Modern browsers can use high-resolution images if they are available; this makes the images look better on high-resolution displays.

To provide a high-resolution image, use the <img> element's srcset attribute in addition to the standard src attribute. The srcset attribute lets you specify different image assets for different screen resolutions. It accepts a comma-delimited set of image URLs, with the target screen resolution specified by a size qualifier: 1x meaning the "standard" resolution, 2x meaning "double" the resolution, and so on.

If a web browser supports the srcset attribute, it selects an image from the specified images that's an appropriate resolution for the current display. If the browser doesn't support the srcset attribute, it uses the image in the src attribute. Consequently, you must always still include the src attribute.

For example, to provide both a standard resolution image and a double-resolution image, add a srcset attribute and specify both 1x and 2x image assets:

<img src="/assets/images/skateboard.png"
  srcset="/assets/images/skateboard.png 1x,
  /assets/images/skateboard_2x.png 2x"
  width="375" alt="" />
  • The width attribute matches the CSS pixel size used for the page dimensions. (The height is automatically calculated based on the width and the image's proportions; don't state it explicitly.)
  • Set the src attribute to point to the standard-resolution (1x) image, not the 2x version. (Almost everyone who has a high-resolution screen also has a modern browser that can recognize the srcset attribute. The src attribute is mainly used by older browsers on low-resolution devices, which should download the smaller, low-resolution image.) Even if your original image is the higher-resolution image, set the src attribute to use the standard-resolution version; don't force a reader using a low-resolution screen to download a graphic that's higher-resolution than they can view.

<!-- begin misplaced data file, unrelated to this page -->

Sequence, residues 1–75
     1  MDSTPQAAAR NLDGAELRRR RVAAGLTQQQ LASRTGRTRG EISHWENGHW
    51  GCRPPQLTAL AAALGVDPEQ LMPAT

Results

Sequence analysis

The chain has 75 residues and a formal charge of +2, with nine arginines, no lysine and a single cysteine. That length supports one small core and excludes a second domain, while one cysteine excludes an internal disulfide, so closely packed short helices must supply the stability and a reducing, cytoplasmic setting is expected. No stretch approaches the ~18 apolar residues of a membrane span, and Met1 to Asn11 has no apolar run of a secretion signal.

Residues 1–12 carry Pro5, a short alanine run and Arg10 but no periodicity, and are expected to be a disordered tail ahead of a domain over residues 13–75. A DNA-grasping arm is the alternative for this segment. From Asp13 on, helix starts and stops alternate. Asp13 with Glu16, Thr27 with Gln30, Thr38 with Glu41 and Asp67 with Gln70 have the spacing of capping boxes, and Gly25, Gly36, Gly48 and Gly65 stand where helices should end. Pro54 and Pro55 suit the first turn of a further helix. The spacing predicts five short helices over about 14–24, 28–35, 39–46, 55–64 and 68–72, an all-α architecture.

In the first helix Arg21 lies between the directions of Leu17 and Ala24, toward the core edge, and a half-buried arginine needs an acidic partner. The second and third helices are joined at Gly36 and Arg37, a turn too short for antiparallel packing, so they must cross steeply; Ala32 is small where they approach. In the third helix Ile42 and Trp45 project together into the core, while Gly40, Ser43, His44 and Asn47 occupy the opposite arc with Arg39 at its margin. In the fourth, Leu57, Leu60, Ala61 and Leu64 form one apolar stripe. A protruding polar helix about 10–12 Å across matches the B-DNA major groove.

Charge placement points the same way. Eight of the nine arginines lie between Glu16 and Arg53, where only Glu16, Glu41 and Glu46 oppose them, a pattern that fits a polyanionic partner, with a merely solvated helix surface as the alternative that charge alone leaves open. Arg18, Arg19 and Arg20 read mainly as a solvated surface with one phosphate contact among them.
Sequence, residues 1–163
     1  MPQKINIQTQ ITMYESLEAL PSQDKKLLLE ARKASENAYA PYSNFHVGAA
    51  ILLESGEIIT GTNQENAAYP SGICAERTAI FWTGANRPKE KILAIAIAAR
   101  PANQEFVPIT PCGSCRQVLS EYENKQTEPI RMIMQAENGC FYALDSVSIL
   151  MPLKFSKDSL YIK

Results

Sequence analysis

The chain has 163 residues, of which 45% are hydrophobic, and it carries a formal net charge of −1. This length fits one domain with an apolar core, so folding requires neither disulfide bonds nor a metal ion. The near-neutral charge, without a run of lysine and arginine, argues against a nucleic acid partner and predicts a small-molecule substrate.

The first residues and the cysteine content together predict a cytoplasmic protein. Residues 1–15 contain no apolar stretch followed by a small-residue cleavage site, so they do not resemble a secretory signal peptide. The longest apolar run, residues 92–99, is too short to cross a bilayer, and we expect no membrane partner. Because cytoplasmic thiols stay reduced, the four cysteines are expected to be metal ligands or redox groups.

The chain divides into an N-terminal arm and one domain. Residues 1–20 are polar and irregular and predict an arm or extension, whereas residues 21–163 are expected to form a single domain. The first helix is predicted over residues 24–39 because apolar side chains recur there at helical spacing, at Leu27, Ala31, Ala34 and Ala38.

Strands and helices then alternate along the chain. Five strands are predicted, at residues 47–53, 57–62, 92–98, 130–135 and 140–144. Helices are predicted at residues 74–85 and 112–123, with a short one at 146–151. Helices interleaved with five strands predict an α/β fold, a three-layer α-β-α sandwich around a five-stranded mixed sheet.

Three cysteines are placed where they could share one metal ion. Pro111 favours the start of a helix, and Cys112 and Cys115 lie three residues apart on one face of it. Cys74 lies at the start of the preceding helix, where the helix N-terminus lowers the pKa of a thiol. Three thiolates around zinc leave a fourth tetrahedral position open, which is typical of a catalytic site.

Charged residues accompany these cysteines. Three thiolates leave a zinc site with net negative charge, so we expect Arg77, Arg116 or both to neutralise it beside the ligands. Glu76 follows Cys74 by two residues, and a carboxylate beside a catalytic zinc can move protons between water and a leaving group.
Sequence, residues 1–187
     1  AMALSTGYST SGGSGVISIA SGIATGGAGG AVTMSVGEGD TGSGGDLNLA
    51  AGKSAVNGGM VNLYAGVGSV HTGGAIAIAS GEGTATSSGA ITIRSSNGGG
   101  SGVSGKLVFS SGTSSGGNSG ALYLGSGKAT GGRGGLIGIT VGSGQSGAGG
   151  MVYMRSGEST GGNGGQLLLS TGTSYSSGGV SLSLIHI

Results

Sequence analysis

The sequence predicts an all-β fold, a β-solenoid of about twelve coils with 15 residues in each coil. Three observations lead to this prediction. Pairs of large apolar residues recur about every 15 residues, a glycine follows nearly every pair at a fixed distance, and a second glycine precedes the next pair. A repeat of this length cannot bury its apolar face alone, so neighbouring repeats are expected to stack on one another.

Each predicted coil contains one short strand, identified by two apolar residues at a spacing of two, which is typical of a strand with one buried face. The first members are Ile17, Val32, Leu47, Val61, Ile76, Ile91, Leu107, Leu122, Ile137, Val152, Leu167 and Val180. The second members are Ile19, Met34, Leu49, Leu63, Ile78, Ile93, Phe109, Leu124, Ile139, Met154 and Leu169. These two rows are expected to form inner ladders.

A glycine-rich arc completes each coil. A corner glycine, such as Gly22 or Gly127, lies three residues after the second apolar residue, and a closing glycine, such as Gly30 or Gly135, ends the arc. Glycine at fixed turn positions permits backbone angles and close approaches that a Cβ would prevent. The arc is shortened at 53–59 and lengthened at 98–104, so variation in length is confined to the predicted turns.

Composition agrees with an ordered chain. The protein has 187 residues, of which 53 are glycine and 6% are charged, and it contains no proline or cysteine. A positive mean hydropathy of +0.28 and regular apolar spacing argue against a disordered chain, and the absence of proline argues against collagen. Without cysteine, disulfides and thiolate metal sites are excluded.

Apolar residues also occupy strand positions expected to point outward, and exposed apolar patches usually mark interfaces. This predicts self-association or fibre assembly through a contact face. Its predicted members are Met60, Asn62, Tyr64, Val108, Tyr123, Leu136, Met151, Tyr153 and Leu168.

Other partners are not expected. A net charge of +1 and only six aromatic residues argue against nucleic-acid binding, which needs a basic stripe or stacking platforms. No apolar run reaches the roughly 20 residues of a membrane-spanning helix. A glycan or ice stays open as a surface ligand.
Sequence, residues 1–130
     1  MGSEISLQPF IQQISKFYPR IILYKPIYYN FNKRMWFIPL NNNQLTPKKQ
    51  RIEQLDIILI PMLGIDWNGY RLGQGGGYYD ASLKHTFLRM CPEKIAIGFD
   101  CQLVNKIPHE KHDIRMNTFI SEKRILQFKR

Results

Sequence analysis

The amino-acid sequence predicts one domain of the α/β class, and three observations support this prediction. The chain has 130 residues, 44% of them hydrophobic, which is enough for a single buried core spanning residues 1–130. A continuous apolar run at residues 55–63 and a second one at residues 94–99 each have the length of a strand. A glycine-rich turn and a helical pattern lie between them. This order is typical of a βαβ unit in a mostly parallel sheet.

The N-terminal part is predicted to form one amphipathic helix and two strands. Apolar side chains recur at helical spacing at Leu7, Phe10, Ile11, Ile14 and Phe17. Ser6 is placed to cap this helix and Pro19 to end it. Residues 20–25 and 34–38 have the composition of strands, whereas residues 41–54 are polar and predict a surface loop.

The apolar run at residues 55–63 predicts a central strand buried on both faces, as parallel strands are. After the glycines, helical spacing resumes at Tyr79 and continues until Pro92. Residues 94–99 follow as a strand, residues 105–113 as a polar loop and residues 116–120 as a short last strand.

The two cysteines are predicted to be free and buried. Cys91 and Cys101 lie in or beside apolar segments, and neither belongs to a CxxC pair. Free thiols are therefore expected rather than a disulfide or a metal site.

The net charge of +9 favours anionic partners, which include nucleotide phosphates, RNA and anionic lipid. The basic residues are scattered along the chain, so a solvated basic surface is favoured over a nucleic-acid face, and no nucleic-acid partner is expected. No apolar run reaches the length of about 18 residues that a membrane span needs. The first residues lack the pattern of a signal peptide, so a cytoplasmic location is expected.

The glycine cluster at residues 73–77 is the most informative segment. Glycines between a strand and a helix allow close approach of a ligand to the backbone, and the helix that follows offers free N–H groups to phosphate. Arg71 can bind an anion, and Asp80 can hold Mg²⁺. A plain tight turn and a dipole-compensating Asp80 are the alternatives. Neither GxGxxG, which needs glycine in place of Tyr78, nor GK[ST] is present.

• The filename for the double-resolution image (in this case, skateboard_2x.png) can be anything—it's the " 2x" value following the filename that informs the browser which resolution the file is. But it's a good idea to use a filename of the form basename_2x.extension to make clear to human readers that it's a double-resolution version of basename.extension.
  • The double-resolution image must be exactly twice the width and height of the standard image, give or take a pixel. (For example, it's okay for the double-resolution image to be 875x500 and the standard size to be 438x250.)